Boulden, Altus and Boulden, Ann
Growing up prior to WWII, WWII, farming and ranching in New Mexico
Tape 1, Side A
Mr. Boulden talks about his family's arrival in New Mexico from Oklahoma in 1930. The family originally settled in Ft. Sumner, New Mexico where his father found work in the cotton fields and with a construction company. After spending a few years in Ft. Sumner, the family moved to Artesia. In 1935 the family moved to Cedarvale, southeast of Mountainaire, New Mexico. It was here that the family began to share crop in the bean fields. In the summer months they would chop weeds. During harvest season, the family would follow the threshing machine, picking up the sacked beans for hauling. The family would glean the beans that the threshing left behind.
In 1937 the family moved back to Artesia. In 1940 the Pecos River flooded and the family was forced to evacuate their home.
Mr. Boulden relates information about his school years, and points out that education went beyond the classroom into the home where he learned practical things such as hunting and outdoor survival.
When WWII began, the family moved back to Ft. Sumner. Mr. Boulden's father joined the Navy and served in the construction battalion.
Mr. Boulden recalls the day in July of 1945 when the first atomic bomb was tested at what is now known as the Trinity Site. His family was living near Hope, New Mexico at the time.
Mr. Boulden tried to enlist in the Navy but failed his physical exam because one shoulder was higher than the other one. In 1946 he decided to enlist in the Army and found himself in the mechanic's school. By the time the war was over, he was a mechanic in carburetion and engines. His unit was sent to Salerno, Italy. After suffering an appendicitis attack, he was shipped back to Ft. Bliss, Texas. He was declared unfit for military service due to heart and lung problems. He was discharged from Ft. Bliss on December 2, 1947.
After "bumming around all over the country", he met his wife, Ann. After their marriage in 1954, the Boulden's, moved to Roswell, New Mexico.
Tape 1, Side B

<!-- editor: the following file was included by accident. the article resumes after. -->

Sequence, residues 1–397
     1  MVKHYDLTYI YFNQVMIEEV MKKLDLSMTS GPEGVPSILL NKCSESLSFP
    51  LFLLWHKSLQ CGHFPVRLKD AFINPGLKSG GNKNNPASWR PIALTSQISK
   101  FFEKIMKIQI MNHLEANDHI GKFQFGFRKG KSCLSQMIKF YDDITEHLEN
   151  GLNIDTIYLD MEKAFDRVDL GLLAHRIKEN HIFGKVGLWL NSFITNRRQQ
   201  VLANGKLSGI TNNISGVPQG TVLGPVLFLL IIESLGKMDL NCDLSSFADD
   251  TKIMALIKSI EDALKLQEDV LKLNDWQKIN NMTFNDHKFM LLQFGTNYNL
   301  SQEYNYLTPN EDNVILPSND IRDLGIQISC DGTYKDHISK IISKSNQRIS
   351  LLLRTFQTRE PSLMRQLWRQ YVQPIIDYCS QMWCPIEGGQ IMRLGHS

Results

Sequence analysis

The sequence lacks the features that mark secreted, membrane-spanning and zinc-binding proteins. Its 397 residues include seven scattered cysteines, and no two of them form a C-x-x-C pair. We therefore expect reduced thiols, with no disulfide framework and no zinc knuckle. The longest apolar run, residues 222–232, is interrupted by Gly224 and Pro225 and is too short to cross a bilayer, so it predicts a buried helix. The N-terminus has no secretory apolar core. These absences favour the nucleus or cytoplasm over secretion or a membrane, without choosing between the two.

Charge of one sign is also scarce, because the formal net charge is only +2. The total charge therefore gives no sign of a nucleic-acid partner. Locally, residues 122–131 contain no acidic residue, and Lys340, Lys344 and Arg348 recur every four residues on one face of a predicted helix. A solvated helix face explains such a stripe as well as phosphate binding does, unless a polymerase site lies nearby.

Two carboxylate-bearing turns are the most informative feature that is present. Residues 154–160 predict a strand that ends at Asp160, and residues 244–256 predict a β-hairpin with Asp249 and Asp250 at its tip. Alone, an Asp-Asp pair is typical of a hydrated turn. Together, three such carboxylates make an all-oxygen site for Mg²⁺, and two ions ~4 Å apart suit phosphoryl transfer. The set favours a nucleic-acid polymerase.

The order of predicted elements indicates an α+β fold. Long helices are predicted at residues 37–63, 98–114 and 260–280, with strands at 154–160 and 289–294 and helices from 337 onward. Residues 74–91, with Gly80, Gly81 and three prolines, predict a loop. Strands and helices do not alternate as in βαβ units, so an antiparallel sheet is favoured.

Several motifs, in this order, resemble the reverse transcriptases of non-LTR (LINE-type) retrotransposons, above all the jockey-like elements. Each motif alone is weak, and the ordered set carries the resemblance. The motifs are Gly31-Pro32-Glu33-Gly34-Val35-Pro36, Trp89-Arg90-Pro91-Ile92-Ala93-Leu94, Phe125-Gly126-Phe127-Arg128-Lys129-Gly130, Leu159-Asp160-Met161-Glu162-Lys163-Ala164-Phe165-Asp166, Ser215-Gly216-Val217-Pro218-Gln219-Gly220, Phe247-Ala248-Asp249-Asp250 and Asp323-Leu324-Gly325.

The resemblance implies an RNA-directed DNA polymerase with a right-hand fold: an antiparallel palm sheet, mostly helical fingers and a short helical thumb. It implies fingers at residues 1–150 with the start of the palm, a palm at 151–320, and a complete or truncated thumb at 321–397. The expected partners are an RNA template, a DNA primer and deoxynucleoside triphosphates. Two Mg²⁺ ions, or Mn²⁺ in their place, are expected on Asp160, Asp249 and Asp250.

The Boulden's, moved from Roswell to Albuquerque in 1955 so that Mr. Boulden could attend radio/electronic college. After graduation they moved back to the Pecos Valley.
Mr. Boulden talks about his childhood days. He describes the circumstances surrounding his sister, Mary Ruth's death. She had drowned in a stock tank while the family was living in Cedarvale. He also tells the story of how he set fire to the family home when he lit a dry and brittle Christmas tree. The fire soon got out of control and the entire house burned down. The family escaped with only a few bedclothes.
Mrs. Boulden recalls using a daisy church to make butter as a child, and remembers the chickens that she helped her mother care for.
Mr. Boulden lists the names and birth dates of his siblings. Mrs. Boulden talks about her family and about life in Hope, New Mexico. She recalls seeing German POWs working on a farm near Ft. Stanton. She talks about her time as a child in Roswell.
The family returned to Hope and she recalls her memories of sheep shearing and the day when her father had electricity added to their home.
Mrs. Boulden recalls her grandfather's radio and how she would sit with him while he listened to the news. She remembers that you could not hear the radio without earphones and remembers that the radio was very large in size.
She talks about her life in Hope, New Mexico when she was a young girl; about swimming in the irrigation ditches and raising sheep and cattle.
She tells the story about the time her father got sick and locked himself in the barn and how the neighbors had to break down the barn door. Her father had to be transported to the hospital in El Paso for treatment.
Tape 2, Side A
Mrs. Boulden continues to share her memories of life in Hope, New Mexico, particularly laundry day, soap making and butchering hogs. She also talks about her school days at Hope School and special times with her father. She remembers the wartime blackouts.
The family moved to Artesia where she finished her last two years of school. She recalls her bout of rheumatic fever while in grade school. Although she didn't suffer any heart complications, she remembers that she was forbidden to participate in sports. There is a discussion of irrigation practices and drought. Mrs. Boulden remembers wearing clothing made from flour sacks. Both Mr. and Mrs. Boulden recall using kerosene lamps. Mr. Boulden shares information about his singing career.
Tape 2, Side B
Mrs. Boulden tells the story of the mystery surrounding her paternal relatives; how all attempts to find information has failed to produce results, and how it appears that her father had another name. A short discussion regarding the Roswell incident and some more singing ends the interviewing session.